AIFA - Allergy and Immunology Foundation of Australasia
Expressions of interest for the 2019 AIFA research grants round are due by 15 April 2019. Due to the generous support of individuals, families and organisations over the past few years, a total of $120,000 in AIFA grants will be awarded in 2019, comprising:
- $40,000 - Food Allergy research grant
- $30,000 - ASCIA 30th Anniversary research grant
- $25,000 - Primary Immunodeficiencies clinical research grant supported by CSL Behring
- $15,000 - Hereditary Angioedema clinical research grant supported by CSL Behring
- $10,000 - Food Allergy research grant supported by DBV Technologies
To find out how to apply for an AIFA grant go to www.allergyimmunology.org.au/grants
The first AIFA grants were awarded in 2015 and a total of $160,000 in grants have been awarded to date. For information about these projects go to www.allergyimmunology.org.au/projects
AIFA research grants are selected each year through a robust selection process, involving an independent, voluntary panel of leading experts. Their track record in selecting projects is outstanding - 2 out of the 7 projects funded by AIFA have since been recognised with further funding by the National Health and Medical Research Council (NHMRC).
- 100% of all donations to AIFA go directly to fund AIFA research grants
- Make a tax deductible donation online at www.allergyimmunology.org.au/donate
- ASCIA members can also donate their honoraria to AIFA.
- All donations of $100 or more are perpetually acknowledged on the AIFA website www.allergyimmunology.org.au/our-supporters/donors
- Significant donors (of $10,000 or more) may request targeted research project funding in particular areas.
- If you wish to fundraise or provide in-kind support for AIFA, go to www.allergyimmunology.org.au/support-aifa/fundraising for more information.
- To find out how you can participate in World Allergy Week go to www.allergyimmunology.org.au/support-aifa/worldallergyweek
- You are also encouraged to share your story of living with allergy and other immune diseases www.allergyimmunology.org.au/support-aifa/share-your-story
AIFA research grants encourage:
- Early career researchers who may not yet receive grants from the NHMRC or other organisations
- Research requiring seed funding
- Collaborative research projects throughout Australia and New Zealand
- Projects that will translate to better treatment and care for patients with allergy and other immune diseases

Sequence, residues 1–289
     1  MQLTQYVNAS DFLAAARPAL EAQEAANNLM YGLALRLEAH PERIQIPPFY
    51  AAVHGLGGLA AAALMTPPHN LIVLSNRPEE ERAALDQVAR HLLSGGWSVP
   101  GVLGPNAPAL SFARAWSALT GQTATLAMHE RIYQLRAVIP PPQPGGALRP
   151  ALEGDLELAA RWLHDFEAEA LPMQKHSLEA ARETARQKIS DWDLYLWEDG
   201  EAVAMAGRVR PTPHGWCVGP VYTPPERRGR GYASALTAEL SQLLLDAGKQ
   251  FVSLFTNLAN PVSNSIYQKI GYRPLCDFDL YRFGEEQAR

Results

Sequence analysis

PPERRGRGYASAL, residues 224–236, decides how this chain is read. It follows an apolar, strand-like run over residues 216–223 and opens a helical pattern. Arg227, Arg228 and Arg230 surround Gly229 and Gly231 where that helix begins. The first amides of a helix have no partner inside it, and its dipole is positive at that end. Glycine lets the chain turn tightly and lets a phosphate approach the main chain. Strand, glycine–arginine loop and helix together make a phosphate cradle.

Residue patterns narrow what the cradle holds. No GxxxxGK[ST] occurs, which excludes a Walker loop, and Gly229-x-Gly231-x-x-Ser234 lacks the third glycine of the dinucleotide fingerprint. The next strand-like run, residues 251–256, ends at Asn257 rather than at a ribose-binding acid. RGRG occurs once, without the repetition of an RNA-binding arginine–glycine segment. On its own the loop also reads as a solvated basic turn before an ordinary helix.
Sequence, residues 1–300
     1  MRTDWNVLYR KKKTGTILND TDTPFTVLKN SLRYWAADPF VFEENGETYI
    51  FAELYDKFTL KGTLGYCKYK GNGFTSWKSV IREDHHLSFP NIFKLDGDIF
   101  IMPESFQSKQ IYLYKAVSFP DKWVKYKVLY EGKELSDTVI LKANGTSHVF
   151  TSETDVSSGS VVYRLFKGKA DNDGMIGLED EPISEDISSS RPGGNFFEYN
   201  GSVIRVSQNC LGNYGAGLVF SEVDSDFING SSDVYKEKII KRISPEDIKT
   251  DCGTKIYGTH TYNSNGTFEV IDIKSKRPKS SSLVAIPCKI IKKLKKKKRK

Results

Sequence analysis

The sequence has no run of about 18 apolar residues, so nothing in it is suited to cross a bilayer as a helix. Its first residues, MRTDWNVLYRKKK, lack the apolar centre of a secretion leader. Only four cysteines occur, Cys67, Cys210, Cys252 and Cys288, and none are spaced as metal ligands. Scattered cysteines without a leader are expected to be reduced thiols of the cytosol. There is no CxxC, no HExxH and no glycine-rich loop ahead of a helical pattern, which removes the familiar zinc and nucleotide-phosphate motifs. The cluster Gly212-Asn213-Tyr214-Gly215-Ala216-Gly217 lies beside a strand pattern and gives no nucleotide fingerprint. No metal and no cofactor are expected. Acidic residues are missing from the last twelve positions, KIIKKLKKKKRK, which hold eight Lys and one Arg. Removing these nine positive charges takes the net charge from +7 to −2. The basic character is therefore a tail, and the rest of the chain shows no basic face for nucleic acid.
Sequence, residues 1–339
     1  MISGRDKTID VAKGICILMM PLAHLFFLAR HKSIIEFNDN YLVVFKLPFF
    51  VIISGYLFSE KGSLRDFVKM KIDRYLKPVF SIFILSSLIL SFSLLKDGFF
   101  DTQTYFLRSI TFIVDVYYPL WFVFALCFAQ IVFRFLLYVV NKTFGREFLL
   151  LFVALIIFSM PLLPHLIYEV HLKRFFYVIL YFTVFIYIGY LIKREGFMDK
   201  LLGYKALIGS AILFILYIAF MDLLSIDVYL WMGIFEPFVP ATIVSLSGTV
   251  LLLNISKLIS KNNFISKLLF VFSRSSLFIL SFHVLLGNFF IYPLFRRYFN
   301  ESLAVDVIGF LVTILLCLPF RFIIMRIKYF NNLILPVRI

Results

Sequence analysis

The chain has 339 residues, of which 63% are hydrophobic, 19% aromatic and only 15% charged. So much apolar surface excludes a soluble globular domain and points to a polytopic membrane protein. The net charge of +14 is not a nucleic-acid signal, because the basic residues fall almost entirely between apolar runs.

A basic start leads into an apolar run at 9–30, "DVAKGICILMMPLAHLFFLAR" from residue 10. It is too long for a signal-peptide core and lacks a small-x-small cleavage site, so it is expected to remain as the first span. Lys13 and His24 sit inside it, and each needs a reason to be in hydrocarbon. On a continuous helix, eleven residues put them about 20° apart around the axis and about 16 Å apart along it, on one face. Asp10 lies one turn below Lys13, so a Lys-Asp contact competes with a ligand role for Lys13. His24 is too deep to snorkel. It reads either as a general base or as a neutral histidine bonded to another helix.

AIFA was established in 2013 by ASCIA, the peak professional body for allergy and clinical immunology in Australasia. The aim of AIFA is to improve the health and care of people with allergy and other immune diseases by funding medical research and raising awareness of these disorders in Australia and New Zealand.
Allergy and other immune system disorders (primary immunodeficiencies and autoimmune diseases) are amongst the most important chronic diseases and public health issues in Australia and New Zealand, affecting around 25% of the population.
However, one of the greatest challenges for ASCIA and AIFA is the recognition by governments, authorities and funders of the importance of allergy and other immune diseases as top health priorities, in terms of patient care, training, education and research.
Funding of research into allergy and other immune diseases is vital for the prevention and treatment of these diseases, and to ultimately find cures. This research can also impact other diseases, including immunotherapy based treatment options for other diseases.
As there are currently no cures for allergy and other immune diseases, training and education of health professionals, patients, carers and community is also extremely important. Increased recognition by governments, authorities and funders of the importance of training and education has the potential to eliminate preventable deaths, disabilities and poor health outcomes due to allergy and other immune diseases. For example:
- Effective training and education programs about severe allergic reactions (anaphylaxis) and allergies to foods, drugs and insects can prevent life threatening anaphylaxis and therefore save lives and prevent disabilities.
- Effective training and education programs on self administration of subcutaneous immunoglobulin (SCIg) replacement therapy for primary immunodeficiencies can help to minimise hospitalisations due to life threatening infections and complications.
Content updated March 2019